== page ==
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Work as a Flying Groom

By: Margaret Paxton - Updated: 19 Feb 2018 | comments*Discuss
Work As A Flying Groom

For equestrian professionals who also like to travel, this can be the ideal job!

What is a Flying Groom?

Flying grooms are qualified and experienced equestrian professionals who work as part of a highly specialised team in the business of air transport for horses. They may travel all over the world with top international equines.

Why are HorsesTransported by Aeroplane?

The main reasons for air transportation of horses are to import/export sports horses, like racehorses that are based in UK but qualify to run in other countries. Thoroughbred mares are sometimes flown to selected studs for mating with a particular stallion. Air transport is often the only practical way of transporting thoroughbred horses bought in other parts of this country, or from abroad.

The Olympic games is an example of the accepted use of aeroplanes for transporting top equine athletes from around the world!

What Does a Flying Groom Do?

The professional flying groom takes over from the horse’s regular groom to travel with the horse. They are caring and experienced in handling nervous or distressed equine travellers. Flying grooms have veterinary training to deal with situations and emergencies specific to air travel with horses. Their calm, knowledgeable, handling of even the most nervous flyers helps the horse to have a journey which is both comfortable and stress-free. Although the majority of top sports horses are seasoned travellers, there is always a first time! The strange noises, smells and sensations of being at an airport could be frightening for any animal, which is why it’s so important to have professional grooms who are used to dealing with the unusual surroundings.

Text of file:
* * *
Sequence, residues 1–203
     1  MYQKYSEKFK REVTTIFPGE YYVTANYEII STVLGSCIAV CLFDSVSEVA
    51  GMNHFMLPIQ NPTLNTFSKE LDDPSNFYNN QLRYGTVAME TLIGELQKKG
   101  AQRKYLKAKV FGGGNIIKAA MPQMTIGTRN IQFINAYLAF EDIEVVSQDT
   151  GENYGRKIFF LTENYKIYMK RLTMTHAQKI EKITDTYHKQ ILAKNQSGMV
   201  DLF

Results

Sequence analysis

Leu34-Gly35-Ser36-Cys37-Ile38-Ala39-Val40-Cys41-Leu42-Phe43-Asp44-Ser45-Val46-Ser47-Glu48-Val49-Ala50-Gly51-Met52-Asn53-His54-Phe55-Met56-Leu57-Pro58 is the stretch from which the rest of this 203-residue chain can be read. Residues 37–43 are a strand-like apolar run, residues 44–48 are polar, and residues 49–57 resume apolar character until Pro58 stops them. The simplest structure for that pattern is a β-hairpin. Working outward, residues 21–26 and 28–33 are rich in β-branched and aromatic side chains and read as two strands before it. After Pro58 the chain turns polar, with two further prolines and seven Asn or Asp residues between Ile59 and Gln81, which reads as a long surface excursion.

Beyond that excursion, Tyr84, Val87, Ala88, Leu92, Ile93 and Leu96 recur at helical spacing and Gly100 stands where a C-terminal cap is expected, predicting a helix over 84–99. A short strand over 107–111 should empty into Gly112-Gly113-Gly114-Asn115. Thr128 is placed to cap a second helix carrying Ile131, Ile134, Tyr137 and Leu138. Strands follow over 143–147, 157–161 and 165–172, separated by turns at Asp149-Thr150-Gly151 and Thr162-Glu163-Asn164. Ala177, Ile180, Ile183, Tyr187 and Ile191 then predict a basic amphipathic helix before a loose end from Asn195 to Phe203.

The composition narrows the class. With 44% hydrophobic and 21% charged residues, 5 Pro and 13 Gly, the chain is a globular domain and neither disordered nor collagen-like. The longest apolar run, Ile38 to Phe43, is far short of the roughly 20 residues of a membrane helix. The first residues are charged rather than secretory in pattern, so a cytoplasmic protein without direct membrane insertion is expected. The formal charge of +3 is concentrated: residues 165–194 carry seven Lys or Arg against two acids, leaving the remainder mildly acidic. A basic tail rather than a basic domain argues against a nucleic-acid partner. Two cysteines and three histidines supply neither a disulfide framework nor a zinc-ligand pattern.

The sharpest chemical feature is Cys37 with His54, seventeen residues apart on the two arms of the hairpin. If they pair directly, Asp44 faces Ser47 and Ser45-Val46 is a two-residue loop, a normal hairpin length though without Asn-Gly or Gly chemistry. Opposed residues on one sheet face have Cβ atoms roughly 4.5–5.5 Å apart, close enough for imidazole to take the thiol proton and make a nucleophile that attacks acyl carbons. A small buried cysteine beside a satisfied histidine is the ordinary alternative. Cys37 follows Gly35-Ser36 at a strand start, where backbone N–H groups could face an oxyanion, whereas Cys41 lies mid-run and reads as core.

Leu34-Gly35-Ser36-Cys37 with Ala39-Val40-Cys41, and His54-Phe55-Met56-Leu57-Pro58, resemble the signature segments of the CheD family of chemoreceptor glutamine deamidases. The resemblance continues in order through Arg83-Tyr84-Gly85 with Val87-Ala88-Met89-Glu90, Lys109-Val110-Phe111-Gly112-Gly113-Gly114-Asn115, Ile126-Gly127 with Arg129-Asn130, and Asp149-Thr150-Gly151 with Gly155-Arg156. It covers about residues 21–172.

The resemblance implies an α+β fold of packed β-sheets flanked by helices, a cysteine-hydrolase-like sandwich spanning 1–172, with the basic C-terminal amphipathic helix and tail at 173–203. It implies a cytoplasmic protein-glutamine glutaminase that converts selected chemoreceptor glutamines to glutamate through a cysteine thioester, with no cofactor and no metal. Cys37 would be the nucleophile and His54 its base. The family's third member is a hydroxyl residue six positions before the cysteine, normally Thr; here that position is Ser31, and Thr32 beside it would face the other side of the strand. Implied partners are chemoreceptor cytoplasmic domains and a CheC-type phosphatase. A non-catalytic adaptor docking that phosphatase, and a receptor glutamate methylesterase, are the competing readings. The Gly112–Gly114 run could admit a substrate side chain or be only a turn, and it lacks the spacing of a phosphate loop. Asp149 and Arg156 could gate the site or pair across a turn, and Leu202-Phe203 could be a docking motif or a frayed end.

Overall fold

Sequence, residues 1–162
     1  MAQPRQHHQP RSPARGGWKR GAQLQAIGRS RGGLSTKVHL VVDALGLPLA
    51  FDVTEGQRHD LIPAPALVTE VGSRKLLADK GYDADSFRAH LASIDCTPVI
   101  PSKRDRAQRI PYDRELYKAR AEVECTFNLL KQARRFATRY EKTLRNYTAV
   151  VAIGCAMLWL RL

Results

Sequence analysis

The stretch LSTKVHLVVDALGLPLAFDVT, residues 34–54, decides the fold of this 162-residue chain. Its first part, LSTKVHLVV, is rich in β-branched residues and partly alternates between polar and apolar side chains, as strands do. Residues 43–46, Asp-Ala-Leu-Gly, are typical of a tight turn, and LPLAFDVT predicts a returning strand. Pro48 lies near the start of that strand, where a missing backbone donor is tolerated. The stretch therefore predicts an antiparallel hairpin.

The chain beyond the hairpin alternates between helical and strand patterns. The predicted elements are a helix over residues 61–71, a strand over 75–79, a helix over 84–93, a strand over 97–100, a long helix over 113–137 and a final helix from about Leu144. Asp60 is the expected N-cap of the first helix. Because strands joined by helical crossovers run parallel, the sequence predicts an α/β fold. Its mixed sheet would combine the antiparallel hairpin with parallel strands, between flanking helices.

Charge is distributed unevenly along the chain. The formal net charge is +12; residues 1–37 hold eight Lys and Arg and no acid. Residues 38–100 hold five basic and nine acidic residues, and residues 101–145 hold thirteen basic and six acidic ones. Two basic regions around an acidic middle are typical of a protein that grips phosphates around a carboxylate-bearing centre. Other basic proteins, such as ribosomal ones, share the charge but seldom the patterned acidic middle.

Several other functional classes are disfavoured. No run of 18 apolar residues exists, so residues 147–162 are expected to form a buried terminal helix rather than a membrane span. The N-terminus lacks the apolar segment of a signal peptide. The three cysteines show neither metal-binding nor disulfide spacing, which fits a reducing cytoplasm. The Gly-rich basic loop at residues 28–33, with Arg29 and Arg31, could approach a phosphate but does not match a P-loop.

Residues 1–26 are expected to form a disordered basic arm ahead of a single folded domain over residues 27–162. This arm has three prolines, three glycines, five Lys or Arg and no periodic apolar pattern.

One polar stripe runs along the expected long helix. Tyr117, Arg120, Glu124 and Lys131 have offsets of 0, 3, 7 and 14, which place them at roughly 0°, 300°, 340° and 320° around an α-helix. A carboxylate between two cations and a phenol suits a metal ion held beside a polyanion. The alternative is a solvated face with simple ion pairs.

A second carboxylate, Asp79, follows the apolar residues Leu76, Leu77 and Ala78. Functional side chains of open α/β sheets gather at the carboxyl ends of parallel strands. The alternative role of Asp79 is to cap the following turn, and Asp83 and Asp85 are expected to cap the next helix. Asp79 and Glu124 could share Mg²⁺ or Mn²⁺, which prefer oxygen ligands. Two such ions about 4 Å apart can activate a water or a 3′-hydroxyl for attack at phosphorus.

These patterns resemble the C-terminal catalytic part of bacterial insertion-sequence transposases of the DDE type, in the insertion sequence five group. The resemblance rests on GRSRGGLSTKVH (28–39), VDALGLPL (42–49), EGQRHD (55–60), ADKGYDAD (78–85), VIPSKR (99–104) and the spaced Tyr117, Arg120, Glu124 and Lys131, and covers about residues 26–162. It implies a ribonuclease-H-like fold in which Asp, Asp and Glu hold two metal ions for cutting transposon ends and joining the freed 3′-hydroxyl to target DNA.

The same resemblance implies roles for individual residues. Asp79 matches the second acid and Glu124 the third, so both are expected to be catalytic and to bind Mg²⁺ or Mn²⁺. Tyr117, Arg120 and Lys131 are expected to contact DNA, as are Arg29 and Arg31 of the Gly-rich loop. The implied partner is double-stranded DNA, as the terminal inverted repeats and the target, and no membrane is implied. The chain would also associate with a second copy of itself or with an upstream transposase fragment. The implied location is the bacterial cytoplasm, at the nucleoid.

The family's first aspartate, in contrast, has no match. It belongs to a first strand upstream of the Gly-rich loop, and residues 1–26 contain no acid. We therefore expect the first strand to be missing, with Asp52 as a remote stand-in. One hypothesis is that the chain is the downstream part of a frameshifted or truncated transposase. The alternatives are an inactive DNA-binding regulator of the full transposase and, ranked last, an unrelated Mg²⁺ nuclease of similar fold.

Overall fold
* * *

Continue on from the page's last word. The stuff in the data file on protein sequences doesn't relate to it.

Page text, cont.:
Once all the paperwork has been approved the horses are weighed, to work out where and how the horses should be loaded onto the aircraft. In preparation for travelling, the horses wear leg protection in the form of travelling boots. They have a strong leather head collar on with two ropes attached. A sweat rug may also be needed. The flying groom will lead the horse, either into a special jet stall that is then moved by machine onto the aeroplane, or, up a long ramp direct to pre-secured stalls on board the aircraft. The flying groom stays with the horses throughout and sits close by for the entire flight to keep the horse calm and monitor its condition.

The grooms perform ‘cabin crew’ duties of serving drinks and food during flights! Horses are usually fed hay while travelling, not hard feed, to avoid the risk of colic. They are regularly given water. Animals, like people, are prone to dehydration when flying because, although the cabin temperature is kept constant, it is air-conditioned.

Horses may travel in single stalls (club class!) doubles, trebles or more (economy) depending on their size, value and temperament. Pre-flight checks are made by aircrew and equine team. It is essential that all the horse stalls are securely in place and the animals are settled.

On some horse charter flights there may be as many as 60 horses travelling. In these cases, or when an owner wishes it, an equine veterinary surgeon will travel with the flying grooms.

How to Become a Flying Groom

Equine qualifications are necessary for this work, to prove that the groom has attained a high level of proficiency in horse care and possesses dedication. It is advisable (maybe necessary) to be registered as a flying groom with the Animal Transport Association and DEFRA. Physical fitness is absolutely crucial to this role. The responsibility of caring for millions of pounds worth of bloodstock needs to be taken seriously.


Work as a flying groom offers job satisfaction and the opportunity to travel worldwide with some of the crème de la crème of equestrianism. Experiences that may be gained are invaluable to the professional groom and committed horse lover.